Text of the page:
Toronto’s Newest Boutique Hotel Is A Blast From The Past: The Anndore House
If you’re going to celebrate an opening, this is how you do it.
After much anticipation, The Anndore House has hit the scene as the newest boutique hotel in Toronto. It’s run by general manager Anthony Campaniaris and is the latest addition to the growing portfolio of Silver Hotel Group.
The history of this spot at 15 Charles St. E., is vast. It was built in 1955 as a residence hotel frequented by some of the city’s most eccentric personalities and visitors.
The building has had many lives over the decades, having once housed one of the city’s most intimate in seductive jazz bars.
This past is celebrated by maintaining its original name, structure and brick.
Nods to decades past can be found in details like record players in each room, with a vinyl library available at the front desk, retrofitted rooms and contemporary art inspired by vintage photography and the national landscape.
With a total interior reno, the 11-floor, 113-room hotel is a hub for the city’s stylish set and travellers alike.
Designed by top local firm Cecconi Simone, helmed by Elaine Cecconi and Anna Simone, the spacious loft-like rooms and suites feature king or queen beds. And rooms range from 225 to 500 square feet, with spacious closets and living spaces in each one.
Bathrooms are on-trend, yet timeless, with dimensional subway tile, rainforest showers and exposed brass faucets.
This summer, The Anndore House will unveil the next phase of its story with a second-floor meeting and party room that includes an expansive terrace with park views.
Contract Magazine‘s Designer of the Year, Alessandro Munge of Studio Munge, designed the common spaces using rich jewel tones that imbue the hotel with warmth and eclectic character.
At the fete, alcoholic beverages were flowing, and food was passed around, while guests ebbed and flowed throughout.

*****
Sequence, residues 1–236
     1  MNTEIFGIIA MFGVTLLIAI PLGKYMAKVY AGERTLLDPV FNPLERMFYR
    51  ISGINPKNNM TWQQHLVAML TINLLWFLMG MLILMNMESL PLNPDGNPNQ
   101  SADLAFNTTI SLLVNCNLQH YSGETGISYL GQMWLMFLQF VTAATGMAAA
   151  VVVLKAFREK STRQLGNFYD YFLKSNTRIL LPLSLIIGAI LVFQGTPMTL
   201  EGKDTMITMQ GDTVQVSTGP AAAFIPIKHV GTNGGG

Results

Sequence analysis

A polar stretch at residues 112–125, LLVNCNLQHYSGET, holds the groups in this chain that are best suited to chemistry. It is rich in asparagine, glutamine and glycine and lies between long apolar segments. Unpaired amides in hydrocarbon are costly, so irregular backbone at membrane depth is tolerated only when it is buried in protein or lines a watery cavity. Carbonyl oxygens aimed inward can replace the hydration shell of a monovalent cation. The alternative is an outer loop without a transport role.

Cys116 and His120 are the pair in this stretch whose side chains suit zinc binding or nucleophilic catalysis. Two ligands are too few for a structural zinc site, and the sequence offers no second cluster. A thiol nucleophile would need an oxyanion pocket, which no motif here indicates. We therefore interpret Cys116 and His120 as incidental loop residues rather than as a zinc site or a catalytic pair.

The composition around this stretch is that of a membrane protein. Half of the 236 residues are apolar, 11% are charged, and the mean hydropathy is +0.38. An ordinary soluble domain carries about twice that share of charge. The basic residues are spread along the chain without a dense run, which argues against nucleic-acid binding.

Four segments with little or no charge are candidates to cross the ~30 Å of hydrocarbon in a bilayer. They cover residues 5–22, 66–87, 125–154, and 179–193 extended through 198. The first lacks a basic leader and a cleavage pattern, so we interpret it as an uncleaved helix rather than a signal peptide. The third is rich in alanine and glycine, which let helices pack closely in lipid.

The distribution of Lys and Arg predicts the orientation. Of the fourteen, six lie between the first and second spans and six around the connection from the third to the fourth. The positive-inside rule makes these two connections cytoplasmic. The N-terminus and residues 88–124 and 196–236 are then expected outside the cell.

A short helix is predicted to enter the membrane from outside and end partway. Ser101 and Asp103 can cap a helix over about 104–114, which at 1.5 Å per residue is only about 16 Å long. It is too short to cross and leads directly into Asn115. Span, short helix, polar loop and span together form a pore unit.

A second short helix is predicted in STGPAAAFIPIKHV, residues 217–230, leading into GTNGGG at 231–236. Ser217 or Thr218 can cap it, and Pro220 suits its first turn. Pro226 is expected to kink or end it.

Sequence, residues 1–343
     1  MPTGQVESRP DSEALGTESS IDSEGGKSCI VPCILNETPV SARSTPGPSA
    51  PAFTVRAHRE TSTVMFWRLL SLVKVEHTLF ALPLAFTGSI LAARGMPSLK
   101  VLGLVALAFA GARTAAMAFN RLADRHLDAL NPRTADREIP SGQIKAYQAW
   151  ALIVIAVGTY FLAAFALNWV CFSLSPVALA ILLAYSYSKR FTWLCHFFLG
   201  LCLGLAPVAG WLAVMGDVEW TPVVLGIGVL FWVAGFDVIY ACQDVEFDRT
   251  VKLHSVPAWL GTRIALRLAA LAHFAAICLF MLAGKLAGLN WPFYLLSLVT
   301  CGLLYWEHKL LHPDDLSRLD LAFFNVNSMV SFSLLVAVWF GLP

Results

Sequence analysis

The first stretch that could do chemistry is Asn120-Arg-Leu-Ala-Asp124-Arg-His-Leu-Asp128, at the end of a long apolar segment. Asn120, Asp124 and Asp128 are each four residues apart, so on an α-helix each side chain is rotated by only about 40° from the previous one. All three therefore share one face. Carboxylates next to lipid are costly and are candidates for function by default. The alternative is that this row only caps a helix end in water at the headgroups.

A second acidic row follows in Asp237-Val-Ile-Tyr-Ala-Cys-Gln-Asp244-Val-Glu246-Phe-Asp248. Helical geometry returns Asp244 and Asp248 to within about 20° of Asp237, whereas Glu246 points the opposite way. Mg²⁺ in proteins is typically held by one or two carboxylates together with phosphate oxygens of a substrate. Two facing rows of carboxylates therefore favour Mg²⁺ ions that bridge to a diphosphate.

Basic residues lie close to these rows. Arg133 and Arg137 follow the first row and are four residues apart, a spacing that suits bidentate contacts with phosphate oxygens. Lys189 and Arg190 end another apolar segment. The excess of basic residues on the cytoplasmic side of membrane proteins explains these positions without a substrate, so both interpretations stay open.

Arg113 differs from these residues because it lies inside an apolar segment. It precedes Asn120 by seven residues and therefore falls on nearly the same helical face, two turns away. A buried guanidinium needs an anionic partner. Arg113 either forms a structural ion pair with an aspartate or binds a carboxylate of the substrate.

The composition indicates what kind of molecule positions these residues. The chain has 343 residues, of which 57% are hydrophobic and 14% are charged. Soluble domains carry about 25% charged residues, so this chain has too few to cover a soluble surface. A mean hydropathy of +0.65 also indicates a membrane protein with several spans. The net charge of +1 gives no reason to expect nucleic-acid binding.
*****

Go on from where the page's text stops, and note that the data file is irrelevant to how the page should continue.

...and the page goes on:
From between The Bar at Constantine, through the grand restaurant space, up and down elevators and staircases, and in-and-out of various hotel rooms …
Each room and floor was a trip into a different decade, where performance artists were dressed and performing rumoured stories of the hotel’s past.
In one room, my girlfriends and I were styled in flashy vintage looks, then sent to another room for a ’70s themed photographer to snap our Polaroid.
In another, an in-room record player filled the space with music, while two women in full ’50s looks were dancing. Of course I joined them in doing the twist. As Bernadette Morra entered the room, I invited her to join me in a shimmy shake — though she politely declined.
The event was so well conceptualized and put together.
Still, I kept finding myself drawn to Constantine, the latest venue by Toronto food God, chef Craig Harding. No doubt it is the hub of the space.
Unlike his other top-tier posts La Palma and Campagnolo, this restaurant is vast.
(AlterEgo is the child of chef Craig Harding and his designer wife Alexandra Hutchison (Campagnolo) and Domenic and Jack Scarangella and Steve Christian of Mercatto.)
While housed inside The Anndore House, Constantine will be a culinary destination for locals and travellers alike. The Bar at Constantine is a sexy, moodier destination in and of itself. And its kitchen is entirely open in the middle of the space.
Plus, everything about a guest’s stay can be controlled through a custom-designed app, from check-in to unlocking the doors, dimming the lighting, adjusting the temperature and exploring the team’s recommendations for living like a local.